Aspen appeals gas-pricing suit
Aspen is appealing its class-action lawsuit against natural gas supplier Kinder Morgan with hopes of establishing a legal principle, according to city attorney John Worcester.District Court Judge T. Peter Craven dismissed the case last month, ruling that a lawsuit regarding utility rate practices properly belongs before the Colorado Public Utilities Commission, not in district court.The City Council could have chosen to take its complaint next to the PUC or to file an appeal, or both, but decided to appeal.The heart of the lawsuit – the city’s claim that Kinder Morgan overcharges Western Slope customers because the company’s rates don’t adequately reflect the loss of heating power in natural gas at higher elevations – isn’t the basis for the appeal.Rather, the city is appealing Craven’s ruling that the deceptive-trade claim as it relates to utility rates belongs first before the PUC, Worcester said.”I think it’s an important legal principle – that the Colorado Consumer Protection Act applies, separate and independent of anything we might pursue at the PUC,” he said. “I think that’s an important legal principle to establish.”Aspen and the city of Glenwood Springs jointly filed the lawsuit against Kinder Morgan, claiming the gas company has falsely represented the quality and characteristics of the natural gas it sells to Western Slope customers. They claimed the company bills customers for gas based on its heating content at sea level, though when natural gas expands at higher elevations, each liter of gas has fewer molecules – and a reduced heating content.Kinder Morgan countered that it does take altitude into account when billing customers on the Western Slope, taking an average of altitudes and billing all mountain residents at a measure of 5,900 feet – about 2,000 feet lower than the city of Aspen.The company sought dismissal of the lawsuit; Glenwood Springs ultimately dropped out, voluntarily dismissing its claim.Attorneys with the nonprofit Colorado Consumer Legal Foundation are pursuing the class-action case on behalf of Aspen with the financial backing of Aspen resident Jack Grynberg, president of Grynberg Petroleum Co. in Denver.Janet Urquhart’s e-mail is email@example.com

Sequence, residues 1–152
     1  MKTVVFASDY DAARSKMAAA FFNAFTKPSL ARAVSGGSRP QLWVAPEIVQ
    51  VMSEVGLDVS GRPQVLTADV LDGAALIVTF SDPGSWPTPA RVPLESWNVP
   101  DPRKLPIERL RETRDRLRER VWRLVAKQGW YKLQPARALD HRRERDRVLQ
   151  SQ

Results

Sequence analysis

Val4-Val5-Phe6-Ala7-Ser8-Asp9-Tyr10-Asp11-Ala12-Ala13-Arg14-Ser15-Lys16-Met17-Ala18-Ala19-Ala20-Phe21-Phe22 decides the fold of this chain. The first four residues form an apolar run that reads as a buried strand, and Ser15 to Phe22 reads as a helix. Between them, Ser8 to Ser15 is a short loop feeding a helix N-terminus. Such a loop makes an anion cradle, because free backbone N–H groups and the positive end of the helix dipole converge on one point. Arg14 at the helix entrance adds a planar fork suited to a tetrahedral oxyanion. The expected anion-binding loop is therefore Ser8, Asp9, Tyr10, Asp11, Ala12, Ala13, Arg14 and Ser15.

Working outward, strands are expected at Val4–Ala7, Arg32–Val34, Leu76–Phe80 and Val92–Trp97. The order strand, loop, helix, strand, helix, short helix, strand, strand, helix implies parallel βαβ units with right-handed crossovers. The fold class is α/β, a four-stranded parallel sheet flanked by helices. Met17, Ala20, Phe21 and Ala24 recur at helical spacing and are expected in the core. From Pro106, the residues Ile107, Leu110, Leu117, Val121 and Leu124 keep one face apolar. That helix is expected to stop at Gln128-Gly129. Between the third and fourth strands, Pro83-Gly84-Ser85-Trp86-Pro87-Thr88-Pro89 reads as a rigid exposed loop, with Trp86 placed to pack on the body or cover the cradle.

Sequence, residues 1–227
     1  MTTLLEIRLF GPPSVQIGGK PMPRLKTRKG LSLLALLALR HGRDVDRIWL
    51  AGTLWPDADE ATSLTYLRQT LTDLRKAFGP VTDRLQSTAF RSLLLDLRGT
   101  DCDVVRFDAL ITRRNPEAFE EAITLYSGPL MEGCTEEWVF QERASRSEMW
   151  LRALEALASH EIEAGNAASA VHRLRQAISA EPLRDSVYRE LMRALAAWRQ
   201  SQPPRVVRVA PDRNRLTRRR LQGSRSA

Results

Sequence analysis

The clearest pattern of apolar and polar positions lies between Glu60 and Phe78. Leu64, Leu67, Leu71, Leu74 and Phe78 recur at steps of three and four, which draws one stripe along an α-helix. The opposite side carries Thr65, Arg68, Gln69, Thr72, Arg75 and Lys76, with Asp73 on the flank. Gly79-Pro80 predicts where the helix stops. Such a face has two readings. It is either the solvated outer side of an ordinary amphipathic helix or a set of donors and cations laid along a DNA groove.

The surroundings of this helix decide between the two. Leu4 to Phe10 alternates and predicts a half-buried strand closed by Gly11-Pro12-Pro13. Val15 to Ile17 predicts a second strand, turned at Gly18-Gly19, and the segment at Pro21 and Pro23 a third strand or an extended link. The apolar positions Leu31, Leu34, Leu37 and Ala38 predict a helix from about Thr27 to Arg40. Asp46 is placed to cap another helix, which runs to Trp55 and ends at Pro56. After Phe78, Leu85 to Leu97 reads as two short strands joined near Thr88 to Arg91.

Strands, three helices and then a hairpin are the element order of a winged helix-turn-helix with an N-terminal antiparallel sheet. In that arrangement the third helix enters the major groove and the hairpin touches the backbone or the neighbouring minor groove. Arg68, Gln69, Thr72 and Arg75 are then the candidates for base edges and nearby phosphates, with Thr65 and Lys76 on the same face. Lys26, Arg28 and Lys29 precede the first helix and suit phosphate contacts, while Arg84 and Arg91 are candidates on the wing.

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Mario Ruiz came to Aspen Highlands from Bariloche through the ski patrol exchange as part of the Sister Cities program last winter. He quickly ingrained himself with the Highlands patrol. Ruiz was killed July 27 in an avalanche while working at his home ski area. The Highlands patrol is raising funds for his family.